JRM Vol.29 No.5 pp. 902-910
doi: 10.20965/jrm.2017.p0902


Wheel Slip Classification Method for Mobile Robot in Sandy Terrain Using In-Wheel Sensor

Takuya Omura and Genya Ishigami

Keio University
3-14-1 Hiyoshi, Kohoku, Yokohama, Kanagawa 223-8522, Japan

March 20, 2017
June 16, 2017
October 20, 2017
wheel slip classification, wheel-soil interaction, in-wheel sensor, support vector machine
Wheel Slip Classification Method for Mobile Robot in Sandy Terrain Using In-Wheel Sensor

Test bed rover with in-wheel sensor

This paper proposes a method that can estimate and classify the magnitude of wheel slippage for a mobile robot in sandy terrains. The proposed method exploits a sensor suite, called an in-wheel sensor, which measures the normal force and contact angle at the wheel-sand interaction boundary. An experimental test using the in-wheel sensor reveals that the maximum normal force and exit angle of the wheel explicitly vary with the magnitude of the wheel slippage. These characteristics are then fed into a machine learning algorithm, which classifies the wheel slippage into three categories: non-stuck wheel, quasi-stuck wheel, and stuck wheel. The usefulness of the proposed method for slip classification is experimentally evaluated using a four-wheel-drive test bed rover.

  1. [1] A. Angelova, L. Matthies, D. Helmick, and P. Perona, “Learning and prediction of slip from visual information,” J. of Field Robotics, Vol.24, Issue 3, pp. 205-231, 2007.
  2. [2] M. Maimone, Y. Cheng, and L. Matthies, “Two years of Visual Odometry on the Mars Exploration Rovers,” J. of Field Robotics, Vol.24, Issue 3, pp. 169-189, 2007.
  3. [3] R. Gonzalez, S. Byttner, and K. Iagnemma, “Comparison of Machine Learning Approaches for Soil Embedding Detection of Planetary Exploration Rovers,” Proc. of the 8th Americas Conf. of ISTVS, 2016.
  4. [4] H. Tsubaki and G. Ishigami, “Modeling of Wheel-Soil Interaction Mechanisms Based on Accurate Measurement of Pressure Distribution for Lightweight Vehicle,” Proc. of the 8th Americas Conf. of ISTVS, 2016.
  5. [5] J. Y. Wong, “Terramechanics and off-road vehicles,” pp. 121-137, Elsevier Science, 1989.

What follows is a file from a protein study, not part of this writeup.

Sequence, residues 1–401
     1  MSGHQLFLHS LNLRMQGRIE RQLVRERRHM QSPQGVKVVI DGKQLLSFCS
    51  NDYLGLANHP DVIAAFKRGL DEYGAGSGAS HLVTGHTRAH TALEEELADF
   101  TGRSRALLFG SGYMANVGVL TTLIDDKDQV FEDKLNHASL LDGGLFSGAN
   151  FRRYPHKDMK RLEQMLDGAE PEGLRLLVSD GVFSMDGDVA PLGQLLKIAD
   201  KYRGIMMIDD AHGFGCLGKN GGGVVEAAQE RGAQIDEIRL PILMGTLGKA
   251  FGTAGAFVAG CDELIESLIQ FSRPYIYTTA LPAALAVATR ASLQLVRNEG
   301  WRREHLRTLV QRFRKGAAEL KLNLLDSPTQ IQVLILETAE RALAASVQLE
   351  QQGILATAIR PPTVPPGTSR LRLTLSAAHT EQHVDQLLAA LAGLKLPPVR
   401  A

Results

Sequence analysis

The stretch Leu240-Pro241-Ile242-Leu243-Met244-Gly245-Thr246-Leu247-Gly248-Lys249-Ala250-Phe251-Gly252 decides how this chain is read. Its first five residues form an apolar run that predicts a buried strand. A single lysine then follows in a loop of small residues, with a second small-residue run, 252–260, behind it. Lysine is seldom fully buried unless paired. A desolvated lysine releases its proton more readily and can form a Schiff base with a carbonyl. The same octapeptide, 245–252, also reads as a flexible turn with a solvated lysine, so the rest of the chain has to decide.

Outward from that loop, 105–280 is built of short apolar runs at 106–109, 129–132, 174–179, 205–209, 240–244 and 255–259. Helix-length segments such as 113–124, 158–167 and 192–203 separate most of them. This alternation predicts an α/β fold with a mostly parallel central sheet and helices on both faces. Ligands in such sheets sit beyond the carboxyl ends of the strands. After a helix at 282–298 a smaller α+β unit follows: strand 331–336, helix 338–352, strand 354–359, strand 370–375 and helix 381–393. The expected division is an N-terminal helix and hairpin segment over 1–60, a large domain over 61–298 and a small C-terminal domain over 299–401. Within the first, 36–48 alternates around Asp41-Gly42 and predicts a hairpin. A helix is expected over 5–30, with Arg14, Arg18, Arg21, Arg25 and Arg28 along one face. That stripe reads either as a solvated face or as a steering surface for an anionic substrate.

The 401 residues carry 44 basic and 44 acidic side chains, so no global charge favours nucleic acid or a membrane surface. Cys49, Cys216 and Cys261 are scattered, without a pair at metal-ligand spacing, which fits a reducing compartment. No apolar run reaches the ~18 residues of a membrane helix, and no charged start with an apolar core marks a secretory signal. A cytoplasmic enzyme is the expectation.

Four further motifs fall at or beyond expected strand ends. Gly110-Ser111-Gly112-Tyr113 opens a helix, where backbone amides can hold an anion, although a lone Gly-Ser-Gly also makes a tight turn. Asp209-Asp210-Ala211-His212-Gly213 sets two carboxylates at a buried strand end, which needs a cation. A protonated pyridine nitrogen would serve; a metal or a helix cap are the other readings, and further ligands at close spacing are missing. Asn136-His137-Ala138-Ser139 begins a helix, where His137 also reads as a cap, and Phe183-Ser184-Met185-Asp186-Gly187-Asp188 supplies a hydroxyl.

6. [6] T. Shirai and G. Ishigami, “Development of in-wheel sensor system for accurate measurement of wheel terrain interaction characteristics,” J. of Terramechanics, Vol.62, pp. 51-61, 2015.
  7. [7] T. Kobayashi, Y. Fujiwara, J. Yamakawa, N. Yasufuku, and K. Omine, “Mobility performance of a rigid wheel in low gravity environments,” J. of Terramechanics, Vol.47, Issue 4, pp. 261-274, 2010.
  8. [8] O. Ringdal, T. Hellstrom, and O. Lindroos, “Estimating wheel slip for a forest machine using RTK-DGPS,” J. of Terramechanics, Vol.49, Issue 5, pp. 271-279, 2012.
  9. [9] J. B. Johnson, A. V. Kulchitsky, P. Duvoy, K. Iagnemma, C. Senatore, R. E. Arvidson, and J. Moore, “Discrete element method simulations of Mars Exploration Rover wheel performance,” J. of Terramechanics, Vol.62, pp. 31-40, 2015.
  10. [10] V. Vapnik and A. Lerner, “Pattern Recognition using Generalized Portrait Method,” Automation and Remote Control, Vol.24, pp. 774-780, 1963.
  11. [11] K. Iagnemma and C. C. Ward, “Classification-based wheel slip detection and detector fusion for mobile robots on outdoor terrain,” Autonomous Robots, Vol.26, Issue 1, pp. 33-46, 2009.
  12. [12] V. Vapnik, “The Nature of Statistical Learning Theory,” Springer-Verlag, 1995.
  13. [13] M. Sokolova and G. Lapalme, “A systematic analysis of performance measures for classification tasks,” Information Processing & Management, Vol.45, Issue 4, pp. 427-437, 2009.

*This site is desgined based on HTML5 and CSS3 for modern browsers, e.g. Chrome, Firefox, Safari, Edge, IE9,10,11, Opera.

Last updated on Dec. 12, 2017